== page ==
Garden City Telegram from Garden City, Kansas on April 18, 1979 · Page 3
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Garden City Telegram from Garden City, Kansas · Page 3

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Garden City, Kansas
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Wednesday, April 18, 1979
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Page 3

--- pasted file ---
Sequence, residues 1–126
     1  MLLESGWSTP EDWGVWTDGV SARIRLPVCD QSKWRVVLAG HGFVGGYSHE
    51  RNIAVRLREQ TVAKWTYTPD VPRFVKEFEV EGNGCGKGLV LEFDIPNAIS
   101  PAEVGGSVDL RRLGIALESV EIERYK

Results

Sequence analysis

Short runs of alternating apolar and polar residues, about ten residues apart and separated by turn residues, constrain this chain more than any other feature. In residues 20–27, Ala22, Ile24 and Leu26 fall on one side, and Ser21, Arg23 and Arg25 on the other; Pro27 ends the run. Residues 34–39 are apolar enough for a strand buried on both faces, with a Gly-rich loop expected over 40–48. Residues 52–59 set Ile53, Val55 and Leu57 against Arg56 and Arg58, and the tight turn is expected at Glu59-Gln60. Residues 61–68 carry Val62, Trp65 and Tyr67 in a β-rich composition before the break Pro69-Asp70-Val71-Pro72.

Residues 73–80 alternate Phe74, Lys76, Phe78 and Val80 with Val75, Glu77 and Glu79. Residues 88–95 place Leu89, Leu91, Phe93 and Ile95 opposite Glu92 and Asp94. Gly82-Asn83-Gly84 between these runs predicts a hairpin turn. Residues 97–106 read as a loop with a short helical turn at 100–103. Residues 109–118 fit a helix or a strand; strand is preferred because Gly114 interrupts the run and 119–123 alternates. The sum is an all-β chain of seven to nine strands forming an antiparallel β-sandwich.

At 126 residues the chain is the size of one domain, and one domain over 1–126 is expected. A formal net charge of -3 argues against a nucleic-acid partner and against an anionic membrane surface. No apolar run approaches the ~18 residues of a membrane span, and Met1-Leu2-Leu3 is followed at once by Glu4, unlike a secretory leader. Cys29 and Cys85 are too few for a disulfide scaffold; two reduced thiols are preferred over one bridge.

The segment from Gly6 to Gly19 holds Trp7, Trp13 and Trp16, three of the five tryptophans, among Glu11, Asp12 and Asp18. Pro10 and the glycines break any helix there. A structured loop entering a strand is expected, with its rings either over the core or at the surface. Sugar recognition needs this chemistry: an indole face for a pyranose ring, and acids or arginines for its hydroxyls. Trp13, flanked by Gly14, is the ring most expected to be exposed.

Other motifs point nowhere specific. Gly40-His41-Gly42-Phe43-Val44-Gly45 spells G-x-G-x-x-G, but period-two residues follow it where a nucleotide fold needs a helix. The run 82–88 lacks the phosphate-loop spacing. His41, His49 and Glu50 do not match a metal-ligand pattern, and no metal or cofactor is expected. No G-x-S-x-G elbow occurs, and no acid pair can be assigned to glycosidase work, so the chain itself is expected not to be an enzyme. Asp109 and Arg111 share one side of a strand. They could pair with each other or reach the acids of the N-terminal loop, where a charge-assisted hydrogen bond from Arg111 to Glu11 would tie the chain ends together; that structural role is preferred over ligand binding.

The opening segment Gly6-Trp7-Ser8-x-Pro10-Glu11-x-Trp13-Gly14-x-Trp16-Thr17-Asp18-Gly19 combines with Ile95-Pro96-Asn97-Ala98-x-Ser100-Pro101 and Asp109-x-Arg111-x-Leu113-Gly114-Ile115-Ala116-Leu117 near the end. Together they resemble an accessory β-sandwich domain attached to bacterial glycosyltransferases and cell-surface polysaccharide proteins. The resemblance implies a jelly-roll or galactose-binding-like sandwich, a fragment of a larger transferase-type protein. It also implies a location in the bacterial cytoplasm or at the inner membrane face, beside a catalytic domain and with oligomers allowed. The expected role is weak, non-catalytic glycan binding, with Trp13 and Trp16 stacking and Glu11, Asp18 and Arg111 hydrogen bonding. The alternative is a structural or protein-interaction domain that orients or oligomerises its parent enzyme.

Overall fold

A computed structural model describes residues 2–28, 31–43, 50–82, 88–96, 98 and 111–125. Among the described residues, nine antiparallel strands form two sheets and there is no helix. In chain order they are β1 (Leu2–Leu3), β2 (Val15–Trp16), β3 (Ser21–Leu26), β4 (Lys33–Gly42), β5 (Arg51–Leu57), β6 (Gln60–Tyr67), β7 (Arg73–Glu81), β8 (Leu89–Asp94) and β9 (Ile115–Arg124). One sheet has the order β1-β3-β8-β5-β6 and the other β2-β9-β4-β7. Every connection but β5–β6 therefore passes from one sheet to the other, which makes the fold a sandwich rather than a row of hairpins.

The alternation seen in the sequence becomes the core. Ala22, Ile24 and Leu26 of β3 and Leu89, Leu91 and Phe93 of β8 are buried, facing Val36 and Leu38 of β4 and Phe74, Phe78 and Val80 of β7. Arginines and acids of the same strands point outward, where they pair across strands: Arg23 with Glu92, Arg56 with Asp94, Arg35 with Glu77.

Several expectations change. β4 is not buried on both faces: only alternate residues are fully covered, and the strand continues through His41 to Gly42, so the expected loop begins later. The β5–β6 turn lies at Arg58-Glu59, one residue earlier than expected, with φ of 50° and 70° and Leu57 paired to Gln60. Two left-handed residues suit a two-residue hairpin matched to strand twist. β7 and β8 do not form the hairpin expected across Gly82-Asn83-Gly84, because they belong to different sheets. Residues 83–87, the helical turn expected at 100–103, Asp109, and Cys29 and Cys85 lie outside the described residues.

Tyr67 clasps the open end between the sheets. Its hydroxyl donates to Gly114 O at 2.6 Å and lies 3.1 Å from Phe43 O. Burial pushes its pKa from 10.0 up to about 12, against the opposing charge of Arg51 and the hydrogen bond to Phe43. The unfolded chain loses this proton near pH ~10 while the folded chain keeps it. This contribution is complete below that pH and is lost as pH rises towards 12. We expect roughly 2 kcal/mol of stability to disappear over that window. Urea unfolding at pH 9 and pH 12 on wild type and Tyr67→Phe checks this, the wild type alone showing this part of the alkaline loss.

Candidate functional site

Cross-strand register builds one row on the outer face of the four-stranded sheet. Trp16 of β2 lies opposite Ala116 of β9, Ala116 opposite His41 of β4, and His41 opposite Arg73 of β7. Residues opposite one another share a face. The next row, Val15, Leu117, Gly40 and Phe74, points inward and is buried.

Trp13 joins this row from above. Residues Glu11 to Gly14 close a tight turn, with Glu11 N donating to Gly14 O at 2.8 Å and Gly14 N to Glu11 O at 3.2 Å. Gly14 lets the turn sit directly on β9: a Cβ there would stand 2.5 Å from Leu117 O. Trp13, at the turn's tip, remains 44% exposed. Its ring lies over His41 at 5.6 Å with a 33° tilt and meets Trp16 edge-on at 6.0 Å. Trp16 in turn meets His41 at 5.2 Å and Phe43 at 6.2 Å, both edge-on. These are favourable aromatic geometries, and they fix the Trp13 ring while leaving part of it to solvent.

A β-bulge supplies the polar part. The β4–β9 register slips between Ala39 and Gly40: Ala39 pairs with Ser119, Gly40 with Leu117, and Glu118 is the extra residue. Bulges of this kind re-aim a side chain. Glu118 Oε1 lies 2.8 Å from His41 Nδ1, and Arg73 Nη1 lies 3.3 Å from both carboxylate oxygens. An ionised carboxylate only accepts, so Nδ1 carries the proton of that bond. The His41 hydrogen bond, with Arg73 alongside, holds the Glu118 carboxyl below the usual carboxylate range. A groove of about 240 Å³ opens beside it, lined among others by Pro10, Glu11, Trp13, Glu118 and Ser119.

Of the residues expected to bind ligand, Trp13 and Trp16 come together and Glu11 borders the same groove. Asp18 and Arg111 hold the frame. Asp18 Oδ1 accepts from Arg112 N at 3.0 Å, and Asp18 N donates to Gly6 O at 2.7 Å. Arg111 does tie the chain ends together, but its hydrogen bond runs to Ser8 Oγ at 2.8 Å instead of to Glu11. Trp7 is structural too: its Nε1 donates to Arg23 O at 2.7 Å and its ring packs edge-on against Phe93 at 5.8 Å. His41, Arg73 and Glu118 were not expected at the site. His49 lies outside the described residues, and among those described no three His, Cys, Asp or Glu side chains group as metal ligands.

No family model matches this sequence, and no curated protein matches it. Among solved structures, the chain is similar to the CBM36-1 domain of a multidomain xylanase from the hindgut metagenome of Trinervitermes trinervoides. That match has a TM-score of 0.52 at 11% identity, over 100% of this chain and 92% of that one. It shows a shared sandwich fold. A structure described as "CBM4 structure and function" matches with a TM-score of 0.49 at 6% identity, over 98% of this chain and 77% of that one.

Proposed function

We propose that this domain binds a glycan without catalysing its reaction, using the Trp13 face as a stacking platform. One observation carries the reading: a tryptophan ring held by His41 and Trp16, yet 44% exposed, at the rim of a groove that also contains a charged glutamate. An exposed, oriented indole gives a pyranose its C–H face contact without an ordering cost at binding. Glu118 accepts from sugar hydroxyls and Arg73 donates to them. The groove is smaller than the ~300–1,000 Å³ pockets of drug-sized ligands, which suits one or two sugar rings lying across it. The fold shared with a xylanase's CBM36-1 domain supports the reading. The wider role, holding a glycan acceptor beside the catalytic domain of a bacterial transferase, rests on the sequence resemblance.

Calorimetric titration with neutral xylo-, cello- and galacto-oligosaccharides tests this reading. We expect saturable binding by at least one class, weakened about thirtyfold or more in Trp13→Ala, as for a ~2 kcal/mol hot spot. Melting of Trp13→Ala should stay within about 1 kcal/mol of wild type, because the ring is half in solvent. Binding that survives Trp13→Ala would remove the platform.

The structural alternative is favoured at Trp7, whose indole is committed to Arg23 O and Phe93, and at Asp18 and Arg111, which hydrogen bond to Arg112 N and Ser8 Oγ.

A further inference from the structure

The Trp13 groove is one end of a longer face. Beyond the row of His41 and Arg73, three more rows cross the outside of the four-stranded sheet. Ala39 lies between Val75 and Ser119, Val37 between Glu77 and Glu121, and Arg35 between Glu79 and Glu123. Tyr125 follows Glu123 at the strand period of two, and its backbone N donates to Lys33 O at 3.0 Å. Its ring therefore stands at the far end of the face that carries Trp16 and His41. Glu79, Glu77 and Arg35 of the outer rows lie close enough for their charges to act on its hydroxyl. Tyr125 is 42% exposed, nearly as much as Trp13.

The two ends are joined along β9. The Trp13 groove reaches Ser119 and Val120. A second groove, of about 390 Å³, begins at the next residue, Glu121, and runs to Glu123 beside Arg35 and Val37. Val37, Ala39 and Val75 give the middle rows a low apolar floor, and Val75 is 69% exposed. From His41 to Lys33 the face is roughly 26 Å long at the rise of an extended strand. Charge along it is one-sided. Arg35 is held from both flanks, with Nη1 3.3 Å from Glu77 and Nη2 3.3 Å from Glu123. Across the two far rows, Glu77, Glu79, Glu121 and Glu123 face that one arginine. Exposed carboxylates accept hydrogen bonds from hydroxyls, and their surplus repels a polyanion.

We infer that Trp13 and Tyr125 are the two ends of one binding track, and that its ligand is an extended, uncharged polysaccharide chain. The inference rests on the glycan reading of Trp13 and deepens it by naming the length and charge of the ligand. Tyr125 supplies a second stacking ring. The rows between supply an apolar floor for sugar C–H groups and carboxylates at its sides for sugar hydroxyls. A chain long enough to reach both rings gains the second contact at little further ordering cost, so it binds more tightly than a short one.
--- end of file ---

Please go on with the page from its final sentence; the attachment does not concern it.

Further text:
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Carlin ...Signs Utility Tax Measure TOPEKA, Kan. (AP) — Saying he was pleased the state treasury permitted him to carry through on a campaign pledge, Gov. John Carlin signed into law Tuesday the bill removing the state's 3 percent sales tax from residential utility bills. With reporters watching him sign the bill at a news conference, Carlin said it moves Kansas "closer to addressing our energy problems in a meaningful and coherent fashion." Taking the sales tax off will mean an estimated $22 million in tax relief to Kansans who pay their own electric, natural gas, water and telephone bills. If bills from the four utility services totals $100 a month, it will mean a $3 tax break. If those four bills add up to $200 a month, the tax relief will be $6. The law goes into effect July 1. Mike Lennen, special assistant to the secretary in the state Revenue Department, said no decisions have been made on the technicalities of precisely when the tax will be taken oft. But he said he believes it will apply to all utility services purchased after July 1. Lennen said the Revenue Department will meet with the utilities to determine the exact procedure, but he assumes persons on staggered billing schedules likely would have the tax prorated on the bills they receive in July, which include some services delivered in June. Carlin said in a prepared statement; "This bill signifies an awareness by both the governor and the Legislature that our energy problems, specifically the high cost of energy, will be with us for a long time and that we must take whatever actions we can to alleviate the economic burden felt by energy consumers." It marked the fulfillment of a pledge the Democratic governor made during his successful election campaign last year, a pledge Republicans accused Carlin of breaking when he declined at the outset of the 1979 legislative session to recommend the sales tax removal from utility bills. Carlin said last January he wasn't convinced the state treasury could stand to lose the $22 million. He later changed that position, however, as greater-than-anticipated revenues poured in. He agreed in March the state could afford it. Carlin said he has no regrets he didn't recommend the sales tax removal in his January message to the Legislature. "Obviously, we carried out our commitment as soon as it was practical," he said. "Fortunatly, we were able to follow through." The bill met scant resistance in the Legislature once Carlin gave it his blessing, and went to the governor on April 7, the day the Legislature reached first adjournment. The lawmakers return to Topeka next week to finish up the session. ...Plans Liquor Action Friday TOPEKA, Kan. (AP) — Gov. John Carlin will make known at a news conference Friday afternoon whether he is signing the bill permitting the state's almost 1,000 private clubs to eliminate their liquor pools, thus bringing liquor by the drink to Kansas. Carlin did not reveal at a news conference Tuesday what his decision will 'be, but he is expected to allow the liquor bill to become law. He has a policy of signing or vetoing every measure presented to him, although Kansas law allows the governor the option of letting bills become law without his signature. Carlin said he has received "some lobbying" on behalf of the bill, adding, "Some individuals are looking forward toil." He said the Rev. Richard E. Taylor Jr., president of Kansans for Life at Its Best, the state's dry organization, has not launched a campaign against the bill "that I am aware of." Taylor confirmed that his organization has not attempted to influence Carlin's decision. The bill is the result of an attorney general's opinion which said the liquor pools are unnecessary under a 1978 state Supreme Court ruling affecting private clubs. On another subject, the governor said his only involvement in Sunday's rock concert disturbance in Wichita was to authorize the Kansas National Guard to provide supplies of tear gas to Wichita police if it had been needed. He said he didn't know if any of the guard's tear gas actually was used. The request for the tear gas, Carlin said, came from Wichita police through the Kansas Highway Patrol. He received it about 7 p.m., a time when the disturbance had been largely quelled. Carlin said he hopes to receive a report on the incident but at this time considers it a local matter to be in- vestigated by Wichita officials and not by the state. He did not rule out a state inquiry later, however. On other matters, the governor said: —He will present to the Legislature when it returns next week his recommendations for a tax relief package. He did not say what would be in it. He would be "greatly concerned" if the Legislature adjourns without reaching compromise on a school finance bill, at least to put more money into the formula to hold down property taxes. His original recommendation was not to change the formula but to pump in more state aid to hold the line on local taxes. —He has received no recommendations from Corrections Secretary Patrick McManus to seek additional personnel to man the state's maximum security prison at Lansing. A prison guard beaten last week has been quoted as saying the prison is understaffed. Garden City Telegram Wednesday, April 18,1979 p age 3 THE FIRE REMAINS...owners hope to have site cleared soon. Court Story Corrected Two errors were made in Tuesday's Telegram story concerning district court action that day. First, the name of the man who was placed on five years' probation after pleading guilty to a charge of taking indecent liberties with a child is Jay Billy Claussen, not Ralph as was staled in the story. .Claussen, 21, 903 N. nth, entered the guilty plea to that charge. Also, Ralph Pyle, 31, Hillcrest Trailer Park, was not convicted of criminal damage to property as the story said. He was charged with shooting holes in a city water tower late last year, but was placed on a two-year diversion program, with the understanding that if he makes restitution for the damages and does not again violate the law in that lime, the charges will be dropped. To Remove Fire Debris 'As Soon as Possible' Markets (Quotations Listed Here Are Noontime Prices) deaths Wheat Milo Corn $2.90 down .04 $3.35unchg. $2.28 unchg. DOW JONES AVERAGE Dow Jones average of 30 industrials at 1 p.m. was up 4.33 at 862.26. ''Am. Cyn Am Motors.... Am. Brands Anaconda AT&T Beech Airc . ...26" 7 :l . . . 58' . . . 63 : ' ...61' . . . 26' BethStl 23' Boeing 42' Chrysler 9 s Cities Sv 61' Colo Inter 21' Dillons 29 1 Du Pont 136 EastKod 63'» El Paso IMG 18 Ford 45 GenKlcul 48U (Jen Motors 58'» Halliburton 66' IIP 49" IBM 313» Int.Ilarv I 40' Int I'ap 45 s KNB 19" Mar Cor • 19 NCK 6B NiitUist 21" Nor Nat 43' PbilPet 35' ProcKJam 79' UVE BEEF FUTURES Apr. June Aug. Oct. High 80.30 78.77 76.35 73.30 Low 79.40 77.50 75.25 72.35 Stand 79.40 77.50 75.25 72.35 Historical Society Salutes GC's 100th Members of the Finney' County Historical Society saluted Garden City's 100th birthday Tuesday at their annual' meeting. Chants uf the happy birthday 'song echoed through the Methodist Fellowship Hall as members sang to the city. Music was provided by the Garden City senior citizens band. Featured soloist was Eva Stevens, who performed a whistling version of "Oh, You Beautiful Doll." Fourth graders from Buffalo Jones Elementary presented "This is your life—Buffalo Jones." Eleven persons were nominated for two-year terms on the society's board of directors. Nominees are Arthur Stone, Gertrude Evans, Lena Vaughn, Helen Harp, Harry Lightner, Jim Carroll, Caldwell Hicks, Katherine Powell, Roy King, Lena Carl and Norma Nichols. The society's 22 directors serve two-year staggered terms. Newly nominated directors will serve until April, 1981. The other 11 directors will serve until April, 1980. Directors will meet next week to elect officers. This year, Julia Roenfeldt was president, Barbara Oringderff, vice-president, and Starr Smith, secretary. Other board members' are Clifford Hope Jr., Mike Etrick, Charles Drew, Roberta Renick, Bill Saunders, Carolyn Patterson, Lloyd Joyce and Irene Garcia. Raymond Gressley HUGOTON — Raymond John Gressley, 66, died Tuesday at the Stevens County Hospital here. Born on Oct. 10, 1912, at Bucklin, he married Julia Maria Lynch on June 17,1934, at Hugoton. She died on Aug. 5, 1977. He was a retired farmer and had lived here most of his life. Mr. Gressley was a member of the First Christian Church, Hugoton. Survivors include a daughter, Ila Simpson, Satanta, and three grandchildren. Funeral will be at 10 a.m. Thursday at the church, the Rev. Bill Linton officiating. Burial will be in Hugoton Cemetery. Friends may call until service time Thursday at the Phillips Funeral Home, Hugoton. Family suggests memorials to the Stevens County Hospital. Alva D. Tedlock CIMARRON—Alva D. Tedlock, 92, died Monday in Dodge City Regional Hospital. A retired farmer, he was born on Nov. 30, 1886, at St. Clair, Mo. He married Elsie Dersham on March 30,1910 at Columbus. She died in September of 1970. Mr. Tedlock was a member of the First United Methodist Church, Cimarron. Funeral will be at 10:30 a.m. Friday at the church, the Rev. David Chinn officiating. Burial will be in Cimarron Cemetery. Family suggests memorials to the church. Burkhart Gray County Funeral Home is in charge of arrangements. Hazen S. Adamson SCOTT CITY-Hazen S. Adamson, 81, died Tuesday at Park Lane Resthome, Scott City. Born on Feb. 15, 1898, at Newton, he married Helen Barbour on Dec. 24, 1921, at Dighton. He was a retired employee of the Missouri Pacific Railroad and had lived here since 1906. Mr. Adamson was a member of the First Christian Church, Scott City. Survivors include his wife, of the home; a daughter, Mrs. Cleo Buntin, Stillwater, Okla.; a sister, Mrs. Ruby Harman, address unknown; one 1 grandchild and three great- grandchildren. Funeral will beat 10:30a.m. Thursday at the Weinman- Price Funeral Home, Scott City, the Rev. William 0. Haney officiating. Burial will be in Scott County Cemetery. Friends may call until service time at the funeral home. Family suggests memorials to the Park Lane Resthome. Mrs. Clyde Wren SCOTT CITY—Mrs. Sarah Ethel Wren, 76, a former Scott City resident, died Monday at the La Junta, Colo., Medical Center. Born on Feb. 19, 1903, in Clay County, W. Va., she married Clyde Russell Wren on Feb. 5,1922, atOaklev. Mrs. Wren was a member of the Assembly of God Church, Ordway, Colo. Survivors include her husband, of the home in Ordway, Colo.; seven sons, Leo and Gene, both of Scott City, Bob, La Junta, Don, Rocky Ford, Colo., Jerry, Pueblo, Colo., George, La Habra, Calif., and Ivan, Nyland, Calif.; five daughters, Mrs. Eleanor Buehler and Mrs. Edith Wells, both of Scott City, Mrs. Joyce Hathaway, Mirada, Calif., Mrs. Rita Weiss, Ordway, Colo.; 44 grandchildren and 32 grcat- grnadchildren. Funeral will be at 10 a.m. (MST) Thursday, at the church in Ordway, with graveside services at 4:30 p.m. (CST) Thursday at the Scott County Cemetery. The remains of the Stanion Electric building, 210 Evans, will be removed as soon as possible, according to the building's owner. Mrs. Vivian Rintoul, 1011 Fleming, who owns the building with her husband, Merle, said Wednesday that they had contracted with a local company to remove the remains of the building that burned on Feb. 27. "Merle's doing his best to gel someone in there to clean it up," Mrs. Rintoul said. "It's worrying him, too." She said they first made a contract with a company in Wichita, but when no one from that firm showed up, they gave the job to Red Devil Excavating, Garden City. Red Devil knocked down the one wall that was still standing last Friday, she said, and Conditions of Two Unchanged Conditions of two Garden Citians hospitalized with traffic accidents injuries Monday remained unchanged Wednesday. Kyle Weber, 2(i, 407 Chestnut, is hospitalized in (he St. Catherine intensive care unit. Hospital officials reported he is in fair condition. Benjamin Velasquez, 211. 1304 N. 8th, is in good condition. Weber was northbound in the 1500 block of N. 3rd at 4:45 p.m. Monday when the pickup truck he was driving struck a parked pickup truck, police said. That truck was owned by Thomas I. Weaver, Eminence Rt. Weaver's son, Nathan, Hi was sitting in the truck at the time. He was treated and released at St. Catherine- Monday. Velasquez suffered a broken foot when the bike he was riding struck a parked truck near the intersection .of Pine and Washington !! p.m. Monday. was due in to clean up the rest this week. City manager .Dean Wiley said he sent Rintoul a formal notice last week saying the site must bo cleaned up,' and that he had responded that they were in the process of doing so. Wiley said there is a city ordinance that will allow the city to clean up the site and charge the owners for it if the work is not done in 20 days from the date of the notice. He said he did not think that would he necessary, as Rintoul has contracted to have the job done. "You can't blame the neighbors for fussing about it," Mrs. Rintoul said, "but we've done all we can." She said the area has been roped ,off and "no trespassing" signs posted. Pothole, Pickup ...Three Injured Three persons were treated and released at St. Catherine Hospital Tuesday following an accident involving a pickup truck and a pothole. The accident occurred at about 0:30 p.m. at the 4lh Street crossing of the Santa Fe Railroad tracks. Police Capt. Jimmy Grcnz said Ernest Atkinson, 39, Rt. 2 reported he was driving the truck south on 4th and had crossed the first sets of tracks when he noticed a large pothole at the southern-most track. Grenz said Atkinson told police he tried to stop before hitting the pothole but could not. Atkinson and two of his children, Dorian, 14, and Cory, 9, were thrown against the windshield. The police report incidated that none of the persons in the truck were wearing seatbelLs at the time. Assistant City Manager Bob Halloran said the potholes in the railroad roadbed are the responsibility of the railroad. Local Santa Fe officials could, not be reached for comment. Water Is Meeting Topic Water conditions in Northwest Finney County will be the topic of an informational meeting at I) p.m. Friday at (he Science Hall of Garden City Community College. A hydrologic analyses will be presented by I he U.S. Geological Survey. Representatives from the Division'of; Water Resources and Southwest Kansas Groundwater Management District No. 3 also will be present to discuss what measures possibly .could be taken to slow declining groundwater levels in the county. Much of the evening will be spent gathering public input. All interested persons arc encouraged to attend. Smorgasbord at Lakin LAKIN — Methodist Lord's Acre spring smorgasbord will be Saturday at the Lakin Grade School gymnasium. This year's theme is "The International Festival," and gourmet foods will be featured from all nations. Tables will be open from 5 to It p.m. MST. Tickets are $3.25 for adults, $1.50 for children, pre-schoolers free. Coffee Break at Cleaver's How about a coffee break? Garden City Area Chamber of Commerce is inviting the public to coffee 9:30-10:30 Thursday at Cleaver Cleaners, KOI N. Main. Dighton Market Saturday DIGHTON — Homemade. Homegrown, llomeproduced. That's the feature of an open air market Saturday in Dighton, 9:30a.m. to 1:30p.m. Persons interested in selling in the market should contact Kalhy Edrnundson, 397-5052, to reserve a space.. Ideas for marketable items? Sponsors suggest vegetable and flower starts, fresh vegetables, fruit, baked goods, fresh eggs, dairy produce, jellies, art work, leather work, pottery, handmade toys, cut flowers, house plants, all flea market items. Rolla 'Show' Monday KOLLA — Rolla High School speech students will present their annual evening of entertainment for the public H p.m. Monday, in the high school gymnasium. Individual numbers as well as the one act play, "The Wilton Waterproof," will be featured. There will be no charge. School Settlement: TOPEKA, Kan. (AP) — On the eve of the silver anniversary of the landmark Brown vs. Topeka Board of Education decision which wiped out the "separate but equal" racial policy in U.S. school systems, the Topeka board faces the potential of another legal onslaught. Such a prospect looms large in the wake of this week's revelation that the board agreed last December to a $19,500 out-of-court settlement of a case brought on behalf of a black girl contending she received an inferior education because she attended a'predominately black neighborhood school. That suit, filed more than five years ago on behalf of Evelyn Rene Johnson, now 16, alleged that the Topeka public school system has > maintained de facto segregation because of its housing patterns. It said nothing has been done since Brown to improve substantially the quality of education in the inner city schools where enrollments are heavily minority. The school board's attorney insisted Tuesday that the settlement given Miss Johnson will be the only one made for alleged discrimination in quality of education. However, the lawyer for the girl, Fred W. Phelps, Topeka, indicated he will file another class action suit on the same grounds as the.first suit. It began as a class action but federal district and appeals court judges would not honor it as a class action. The girl's aunt and guardian, Marlene Miller, supported Phelps' contention that the situation has not changed much in the last five years, justifying additional lawsuits. She said the Topeka system, which has no busing program to achieve racial balance in the schools, has not met the mandate of the 1954 Topeka Board Faces Potential of Legal Onslaught decision outlawing segregation in public schools. That case was brought on behalf of Linda Brown, a black woman who still lives here and now has the married last name of Smith. The decision in her case was handed down on May 17, 1954. Charles N. Henson, school board attorney, said the board and -its insurance carrier will "vigorously" fight-any future lawsuits. The school board agreed last December with the insurance company's decision to settle the case without a judicial judgment on its merit. That decision was based on the cost of prolonged litigation and not on merits of the lawsuit, said James Gray, superintendent of schools. "The insurance company has indicated there will be no further settlements," said Henson, adding that he does not expect any more suits being filed, simply because there are no grounds for the suits in his opinion. Henson said there was some concern on the part of the carrier, Insurance Co. of North America, at the time of the December settlement that a rash of lawsuits might follow it. Because of this concern, Henson said, attorneys representing the insurance carrier requested that the records be sealed, not the board of education. When no one objected, the records were sealed. U.S. District Court Judge George Templar, who heard the suit, ordered the records in the case made public Tuesday, after substantial publicity was drawn to the case. Phelps, Miss Johnson's attorney, said he "probably" will file a class action suit for other persons who may have been victims of discrimination because of alleged continuing de facto segregation in Topeka's public schools. However, Phelps stressed in talking with a reporter Tuesday that his plans were not complete. He doesn't known when he will file the suit. "Some of the preparation is done," Phelps said. Phelps received more than $12,400 from the settlement for his fee and expenses, while more than $7,000 went into a trust fund for Miss Johnson. Phelps would not predict a proliferation of individual suits similar to the one brought on behalf of Miss Johnson. Gray said the school district admitted nothing in settling the case, and especially did not concede "that Evelyn Johnson had been offered less than a quality education." / j